Our analyses begin with an unsupervised anomaly identification.  The approach consists of singling out data that are substantially isolated from clusters of “normal data”. We rely on a collection of measures, or metrics in mathematical terms, to represent the degree of difference between two GIMs. An example of such a metric would be the maximum absolute difference between the VTEC in the two GIMs. Alternatively, we could also compute the maximum absolute difference between the latitudinal gradient of the two GIMs. For some of the metrics, the differences are only evaluated over a specific region of the globe. In our study, we considered a total of 16 different metrics. For each of these metrics, the difference between any two GIMs for the same UT in a data set was evaluated. The maximum distance between the  closest GIMs to a given GIM is defined as the -cluster radius of the given GIM. If the ionosphere condition on a given day is very much similar to many other days, the -cluster radius would be relatively small. On the other hand, if the ionosphere condition is highly unusual for a given day, we expect the -cluster radius to be large relative to most other days. A comparison of n-cluster radius for all 16 metrics with a list of major solar events indicates that there exists a statistically significant correlation exists between days with large -cluster radii and certain known solar disturbances.

In addition to serving as an indicator of outliers, the -cluster radius also serves as an extracted feature of the ionosphere condition. Feature extraction plays a crucial role in data mining in part because it allows for the reduction of a large volume of data into a few information-rich features. However, unlike the most common feature extraction that consists of a linear projection of the data onto a one-dimension subspace, the -cluster radius is derived from the comparison of a data point with a large collection of other data points. Regression analyses between these features and space weather data has the potential to be much more effective than regressions between GIM and the space weather data sets. In our case, we have performed regression analyses between solar, IMF and geomagnetic data and the -cluster radius. The data showed a high degree of statistical correlations between the space weather observations and the -cluster radii associated with some of the metrics. In fact, using the correlation coefficients derived from one year of data, we can produce predictions of ionosphere -cluster radii for another year of data with a high rate of success.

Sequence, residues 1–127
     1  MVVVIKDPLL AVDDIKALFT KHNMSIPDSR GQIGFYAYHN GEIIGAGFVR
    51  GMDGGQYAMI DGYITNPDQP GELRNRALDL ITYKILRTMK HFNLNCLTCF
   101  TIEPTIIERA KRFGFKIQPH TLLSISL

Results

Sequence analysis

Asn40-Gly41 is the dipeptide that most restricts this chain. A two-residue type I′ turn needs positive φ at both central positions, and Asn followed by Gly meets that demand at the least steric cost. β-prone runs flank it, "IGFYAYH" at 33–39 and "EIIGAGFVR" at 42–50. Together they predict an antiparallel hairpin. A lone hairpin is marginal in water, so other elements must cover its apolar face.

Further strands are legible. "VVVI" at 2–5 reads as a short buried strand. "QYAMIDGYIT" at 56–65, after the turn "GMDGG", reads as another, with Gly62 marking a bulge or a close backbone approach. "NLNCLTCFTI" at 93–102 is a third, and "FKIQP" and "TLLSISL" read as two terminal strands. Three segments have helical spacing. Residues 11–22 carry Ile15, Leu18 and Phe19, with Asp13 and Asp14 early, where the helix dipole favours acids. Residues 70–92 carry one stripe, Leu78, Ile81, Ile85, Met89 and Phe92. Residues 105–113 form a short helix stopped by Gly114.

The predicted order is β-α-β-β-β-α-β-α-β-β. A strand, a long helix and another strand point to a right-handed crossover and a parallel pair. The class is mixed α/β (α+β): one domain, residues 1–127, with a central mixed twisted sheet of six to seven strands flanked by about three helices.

Our results demonstrate that advanced data mining techniques have the potential to produce a statistically reliable forecast for ionosphere anomalies based on solar and space observations. We are now developing a statistical forecast system test-bed to be delivered to The Community Coordinated Modeling Center (CCMC)that will enable users to evaluate the effectiveness of forecasting ionosphere anomalies based on solar and space weather observations via data mining techniques.